And yes - please send me your calibration patches - I'll continue to use - for reasons of comparison with the previous tests - the L1800 to print on the Netbit/Aldi paper. Which spectro are you using ?
 
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Ink stained Fingers

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I found an interesting article - already almost 20 years old - dealing exactly with the effect that an ICC-profile does not render grays neutral in print. The complete article needs to be requested for download by the author , it describes a method how to compensate these deviations and to correct the resp. table in the ICC profile. But this makes it impossible for a regular creator and user of ICC -profiles since you need access to the profile tables with an editor and exact knowledge of the table layout.

https://www.researchgate.net/publication/253775517_Neutral_gray_adjustment_in_printer_ICC_profiles
 

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With or without an UV filter - 'UV Cut' would be marked on the unit label
 

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There is a wast mount of postings on the internet about B/W printing, neutral grays etc but only a veery few of these postings actually look to the spectral composition of grays and the Lab values - one of these few posting is this one

https://www.nazdar.com/Portals/0/NewsItems/Articles/ThePowerOfNeutralGray-MikeRuff.pdf

commenting as well that a gray viewed as 'neutral' actually has a small blue tint. I take it as such.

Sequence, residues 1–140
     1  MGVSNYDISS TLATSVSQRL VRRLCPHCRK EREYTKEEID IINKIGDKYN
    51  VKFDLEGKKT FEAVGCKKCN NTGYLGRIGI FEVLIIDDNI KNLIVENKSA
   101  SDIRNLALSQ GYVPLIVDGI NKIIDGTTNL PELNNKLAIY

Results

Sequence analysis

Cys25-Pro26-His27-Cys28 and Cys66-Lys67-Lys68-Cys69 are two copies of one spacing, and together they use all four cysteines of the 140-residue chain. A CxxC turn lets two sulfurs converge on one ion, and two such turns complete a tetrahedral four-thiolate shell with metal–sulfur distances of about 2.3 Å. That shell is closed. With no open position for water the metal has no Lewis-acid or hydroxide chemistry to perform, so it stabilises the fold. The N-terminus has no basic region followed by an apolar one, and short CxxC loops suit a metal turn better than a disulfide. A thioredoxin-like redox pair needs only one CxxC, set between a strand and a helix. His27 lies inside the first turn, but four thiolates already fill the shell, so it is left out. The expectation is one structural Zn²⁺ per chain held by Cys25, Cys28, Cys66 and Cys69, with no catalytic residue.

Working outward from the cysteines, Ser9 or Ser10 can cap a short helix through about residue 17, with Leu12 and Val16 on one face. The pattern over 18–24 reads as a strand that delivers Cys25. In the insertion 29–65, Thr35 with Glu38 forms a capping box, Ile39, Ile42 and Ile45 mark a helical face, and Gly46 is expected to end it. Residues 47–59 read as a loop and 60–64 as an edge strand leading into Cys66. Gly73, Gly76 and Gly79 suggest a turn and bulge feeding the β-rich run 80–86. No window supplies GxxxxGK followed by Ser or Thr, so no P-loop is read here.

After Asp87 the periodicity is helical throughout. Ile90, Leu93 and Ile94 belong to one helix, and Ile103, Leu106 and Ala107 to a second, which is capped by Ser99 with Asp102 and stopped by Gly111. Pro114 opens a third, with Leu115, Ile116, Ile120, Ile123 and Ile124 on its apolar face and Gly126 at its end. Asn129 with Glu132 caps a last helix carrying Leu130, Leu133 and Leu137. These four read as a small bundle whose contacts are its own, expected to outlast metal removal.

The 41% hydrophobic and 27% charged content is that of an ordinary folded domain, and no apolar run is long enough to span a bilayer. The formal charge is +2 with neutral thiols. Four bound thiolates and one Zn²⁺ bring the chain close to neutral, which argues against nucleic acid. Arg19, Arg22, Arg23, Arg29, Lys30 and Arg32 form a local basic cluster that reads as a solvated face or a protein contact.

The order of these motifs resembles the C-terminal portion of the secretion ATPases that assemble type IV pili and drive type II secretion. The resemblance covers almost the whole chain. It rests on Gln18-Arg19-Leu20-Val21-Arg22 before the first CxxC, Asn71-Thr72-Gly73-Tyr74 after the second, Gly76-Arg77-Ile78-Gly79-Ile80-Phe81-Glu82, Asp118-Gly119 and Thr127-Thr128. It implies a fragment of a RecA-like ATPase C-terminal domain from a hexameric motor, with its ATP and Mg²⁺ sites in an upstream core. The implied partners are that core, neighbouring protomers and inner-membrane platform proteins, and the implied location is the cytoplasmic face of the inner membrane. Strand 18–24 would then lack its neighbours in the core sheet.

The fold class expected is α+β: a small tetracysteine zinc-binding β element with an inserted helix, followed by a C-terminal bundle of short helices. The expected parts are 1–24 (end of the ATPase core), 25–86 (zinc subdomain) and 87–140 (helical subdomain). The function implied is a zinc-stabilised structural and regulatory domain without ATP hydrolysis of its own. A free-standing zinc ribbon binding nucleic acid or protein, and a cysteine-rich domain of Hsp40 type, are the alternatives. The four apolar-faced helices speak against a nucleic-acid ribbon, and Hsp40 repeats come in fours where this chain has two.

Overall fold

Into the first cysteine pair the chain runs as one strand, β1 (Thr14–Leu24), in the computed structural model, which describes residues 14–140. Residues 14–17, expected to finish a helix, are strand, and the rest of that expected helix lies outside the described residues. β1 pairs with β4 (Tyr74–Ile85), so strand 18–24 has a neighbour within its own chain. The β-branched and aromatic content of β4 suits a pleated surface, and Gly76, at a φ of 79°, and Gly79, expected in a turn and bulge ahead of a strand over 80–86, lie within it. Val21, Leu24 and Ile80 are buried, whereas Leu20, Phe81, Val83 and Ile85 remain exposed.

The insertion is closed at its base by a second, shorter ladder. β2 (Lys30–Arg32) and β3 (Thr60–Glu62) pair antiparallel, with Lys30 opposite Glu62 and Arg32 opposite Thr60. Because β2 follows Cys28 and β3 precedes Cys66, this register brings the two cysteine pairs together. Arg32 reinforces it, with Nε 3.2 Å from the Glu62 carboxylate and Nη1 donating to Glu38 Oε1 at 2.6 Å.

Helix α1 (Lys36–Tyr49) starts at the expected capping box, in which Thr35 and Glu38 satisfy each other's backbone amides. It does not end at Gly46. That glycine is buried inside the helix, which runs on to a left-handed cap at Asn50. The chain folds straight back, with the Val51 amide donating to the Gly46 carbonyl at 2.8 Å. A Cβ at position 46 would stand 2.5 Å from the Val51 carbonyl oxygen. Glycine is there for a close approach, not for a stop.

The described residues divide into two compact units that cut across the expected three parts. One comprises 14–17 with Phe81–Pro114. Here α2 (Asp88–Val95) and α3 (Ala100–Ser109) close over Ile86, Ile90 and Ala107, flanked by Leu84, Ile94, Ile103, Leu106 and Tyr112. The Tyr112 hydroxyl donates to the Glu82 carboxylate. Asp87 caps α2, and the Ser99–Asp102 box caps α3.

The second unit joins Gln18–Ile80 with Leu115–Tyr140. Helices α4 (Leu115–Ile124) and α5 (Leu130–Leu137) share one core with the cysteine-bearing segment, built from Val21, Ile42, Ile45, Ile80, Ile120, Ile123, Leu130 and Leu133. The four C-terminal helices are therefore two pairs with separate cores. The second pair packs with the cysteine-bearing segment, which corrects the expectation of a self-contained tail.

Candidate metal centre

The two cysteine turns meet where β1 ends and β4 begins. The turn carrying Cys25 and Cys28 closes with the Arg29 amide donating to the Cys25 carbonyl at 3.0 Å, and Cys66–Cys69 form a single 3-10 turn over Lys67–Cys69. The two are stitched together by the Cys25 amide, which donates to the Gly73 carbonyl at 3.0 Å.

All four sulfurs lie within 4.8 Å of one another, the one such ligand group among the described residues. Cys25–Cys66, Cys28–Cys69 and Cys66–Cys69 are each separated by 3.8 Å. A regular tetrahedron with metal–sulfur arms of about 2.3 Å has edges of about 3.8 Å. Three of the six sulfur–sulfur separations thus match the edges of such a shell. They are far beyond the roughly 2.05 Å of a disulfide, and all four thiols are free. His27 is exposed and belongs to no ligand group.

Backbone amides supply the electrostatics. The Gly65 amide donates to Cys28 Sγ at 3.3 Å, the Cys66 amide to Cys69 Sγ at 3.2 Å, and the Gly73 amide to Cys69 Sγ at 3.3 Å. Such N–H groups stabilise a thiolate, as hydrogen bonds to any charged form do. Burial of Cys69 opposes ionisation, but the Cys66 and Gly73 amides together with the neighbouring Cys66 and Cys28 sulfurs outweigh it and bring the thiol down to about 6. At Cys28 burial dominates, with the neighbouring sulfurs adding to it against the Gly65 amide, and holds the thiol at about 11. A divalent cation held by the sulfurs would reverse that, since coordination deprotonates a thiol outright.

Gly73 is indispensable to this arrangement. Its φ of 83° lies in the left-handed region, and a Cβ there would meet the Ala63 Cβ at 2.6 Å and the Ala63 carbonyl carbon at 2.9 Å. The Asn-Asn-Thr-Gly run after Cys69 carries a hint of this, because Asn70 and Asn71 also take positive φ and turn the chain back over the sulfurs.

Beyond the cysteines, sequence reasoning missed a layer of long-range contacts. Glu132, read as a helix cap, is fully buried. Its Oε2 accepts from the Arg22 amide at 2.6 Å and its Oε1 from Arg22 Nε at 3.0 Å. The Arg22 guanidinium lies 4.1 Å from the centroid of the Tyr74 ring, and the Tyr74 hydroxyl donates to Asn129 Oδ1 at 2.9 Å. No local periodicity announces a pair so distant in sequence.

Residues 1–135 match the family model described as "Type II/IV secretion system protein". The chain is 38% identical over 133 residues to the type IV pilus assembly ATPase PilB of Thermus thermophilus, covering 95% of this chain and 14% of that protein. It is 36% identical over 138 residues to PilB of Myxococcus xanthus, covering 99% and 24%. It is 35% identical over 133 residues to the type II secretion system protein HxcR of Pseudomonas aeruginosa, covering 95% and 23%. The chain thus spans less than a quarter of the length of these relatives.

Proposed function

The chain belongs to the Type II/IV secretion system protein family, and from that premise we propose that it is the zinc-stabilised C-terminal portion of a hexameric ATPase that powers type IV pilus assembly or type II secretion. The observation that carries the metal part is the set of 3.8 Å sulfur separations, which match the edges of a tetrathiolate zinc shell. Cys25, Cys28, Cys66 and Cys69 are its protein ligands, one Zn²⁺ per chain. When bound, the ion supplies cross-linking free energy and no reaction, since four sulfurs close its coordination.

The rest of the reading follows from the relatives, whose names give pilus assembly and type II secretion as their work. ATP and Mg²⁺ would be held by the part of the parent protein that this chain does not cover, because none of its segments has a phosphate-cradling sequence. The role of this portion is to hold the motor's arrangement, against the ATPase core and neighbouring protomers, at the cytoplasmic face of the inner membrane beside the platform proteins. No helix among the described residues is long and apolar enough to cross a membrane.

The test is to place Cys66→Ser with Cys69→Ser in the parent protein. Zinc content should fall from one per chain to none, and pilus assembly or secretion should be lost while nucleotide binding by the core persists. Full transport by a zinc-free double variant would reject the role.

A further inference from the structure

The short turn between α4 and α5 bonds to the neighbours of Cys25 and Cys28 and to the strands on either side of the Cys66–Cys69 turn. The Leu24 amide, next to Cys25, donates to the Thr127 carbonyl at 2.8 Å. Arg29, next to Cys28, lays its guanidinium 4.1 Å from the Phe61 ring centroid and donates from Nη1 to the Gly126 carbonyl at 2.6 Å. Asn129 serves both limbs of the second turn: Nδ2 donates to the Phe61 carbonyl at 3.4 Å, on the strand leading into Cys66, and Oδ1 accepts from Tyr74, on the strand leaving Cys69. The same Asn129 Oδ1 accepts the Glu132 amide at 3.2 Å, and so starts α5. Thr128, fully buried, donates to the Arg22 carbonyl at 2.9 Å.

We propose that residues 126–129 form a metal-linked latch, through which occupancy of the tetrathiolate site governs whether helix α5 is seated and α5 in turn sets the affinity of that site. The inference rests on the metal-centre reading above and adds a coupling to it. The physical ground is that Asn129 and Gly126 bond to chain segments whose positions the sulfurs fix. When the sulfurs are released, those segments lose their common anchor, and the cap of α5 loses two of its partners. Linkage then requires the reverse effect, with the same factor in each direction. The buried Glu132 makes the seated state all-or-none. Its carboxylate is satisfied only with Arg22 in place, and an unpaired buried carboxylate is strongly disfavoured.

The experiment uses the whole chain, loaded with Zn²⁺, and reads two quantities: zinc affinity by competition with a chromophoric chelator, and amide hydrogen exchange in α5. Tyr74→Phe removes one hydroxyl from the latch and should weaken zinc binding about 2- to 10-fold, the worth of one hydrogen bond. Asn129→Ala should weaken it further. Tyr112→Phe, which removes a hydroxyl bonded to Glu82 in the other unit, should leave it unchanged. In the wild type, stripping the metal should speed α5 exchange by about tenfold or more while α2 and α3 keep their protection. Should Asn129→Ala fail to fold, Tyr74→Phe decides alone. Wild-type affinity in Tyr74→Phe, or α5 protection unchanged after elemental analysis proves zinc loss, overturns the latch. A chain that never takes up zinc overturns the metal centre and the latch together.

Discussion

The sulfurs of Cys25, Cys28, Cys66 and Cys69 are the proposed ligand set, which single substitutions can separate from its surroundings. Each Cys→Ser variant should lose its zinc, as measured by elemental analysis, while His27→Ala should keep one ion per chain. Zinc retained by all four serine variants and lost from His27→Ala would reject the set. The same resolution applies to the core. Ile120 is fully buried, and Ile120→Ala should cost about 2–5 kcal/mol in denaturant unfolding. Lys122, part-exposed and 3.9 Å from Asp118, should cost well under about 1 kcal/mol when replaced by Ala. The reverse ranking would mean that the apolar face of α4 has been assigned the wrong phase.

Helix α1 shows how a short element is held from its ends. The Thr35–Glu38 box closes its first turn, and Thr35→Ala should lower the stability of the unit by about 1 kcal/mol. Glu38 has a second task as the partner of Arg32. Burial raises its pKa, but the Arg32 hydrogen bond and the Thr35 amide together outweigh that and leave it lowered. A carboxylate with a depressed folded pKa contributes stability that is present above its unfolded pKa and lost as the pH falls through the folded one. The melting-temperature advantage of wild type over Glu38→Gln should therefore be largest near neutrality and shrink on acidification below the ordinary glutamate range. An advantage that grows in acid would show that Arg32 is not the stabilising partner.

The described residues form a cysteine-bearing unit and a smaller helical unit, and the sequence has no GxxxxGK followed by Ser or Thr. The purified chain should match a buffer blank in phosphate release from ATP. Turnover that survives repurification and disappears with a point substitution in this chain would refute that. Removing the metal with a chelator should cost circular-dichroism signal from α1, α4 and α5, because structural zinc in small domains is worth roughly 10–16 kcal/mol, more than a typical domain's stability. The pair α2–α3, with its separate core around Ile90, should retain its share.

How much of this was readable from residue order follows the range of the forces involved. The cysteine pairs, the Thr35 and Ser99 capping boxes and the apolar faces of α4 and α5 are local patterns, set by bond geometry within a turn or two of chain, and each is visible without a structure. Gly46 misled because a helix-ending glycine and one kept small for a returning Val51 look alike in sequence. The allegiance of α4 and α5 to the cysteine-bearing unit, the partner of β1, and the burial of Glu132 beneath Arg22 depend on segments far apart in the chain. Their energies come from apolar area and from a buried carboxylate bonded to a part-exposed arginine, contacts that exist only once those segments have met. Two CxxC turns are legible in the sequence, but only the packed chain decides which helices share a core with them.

I did a test with a i1Studio unit, the successor of the ColorMunki, I created a profile for a budget glossy paper, the profiling process starts with a patch sheet with 50 patches and an optimzation cycle with another 100 patches on 2 more sheets. i1Studio has a specific flow for B/W profiles which are actually regular color profiles but with more patch colors along the gray axis. Threre is an option for the generation of the profile how the grays should be tuned - normal - sepia or cool, I selected 'normal' The i1Studio spectro by XRite uses an UV filter, so any UV related properties of the paper are not measured and processed into the profile. The paper used for this test comes with quite a high amount of optical brighteners. The overall gamut of this profile is very much identical with a profile I created earlier for this paper with the i1Profiler package - as well not using UV data - the M2 measuring mode.

I1Studio-neutral.jpg


I printed a little gray step wedge with 14 gray patches and measured the Lab values, I have removed in this table the actual L-luminance values for 2 scans - one in the M0-UV mode and another scan in the M2 mode, and I removed the a-values as well - they meander rather close between -1,5 to +1,5 and are of no concern.

The column for the b-values - show the impact of the optical brighteners - the white point drops into the blue direction with -b= -8,68 vs. -0,86 for a viewing light w/o UV content. That's a pretty strong and visible difference and shows a principal problem beyond gray levels - you cannot profile a paper at the same time for 2 different illumination conditions when OBA's are present.

The black point with a b~-5 has a pretty cool touch which is typical for dye inks, pigment inks are closer to a neutral value. The numbers above further show how the gray axis is placed between the white and the black point - there are about nowhere gray neutral values with a b-value close to zero.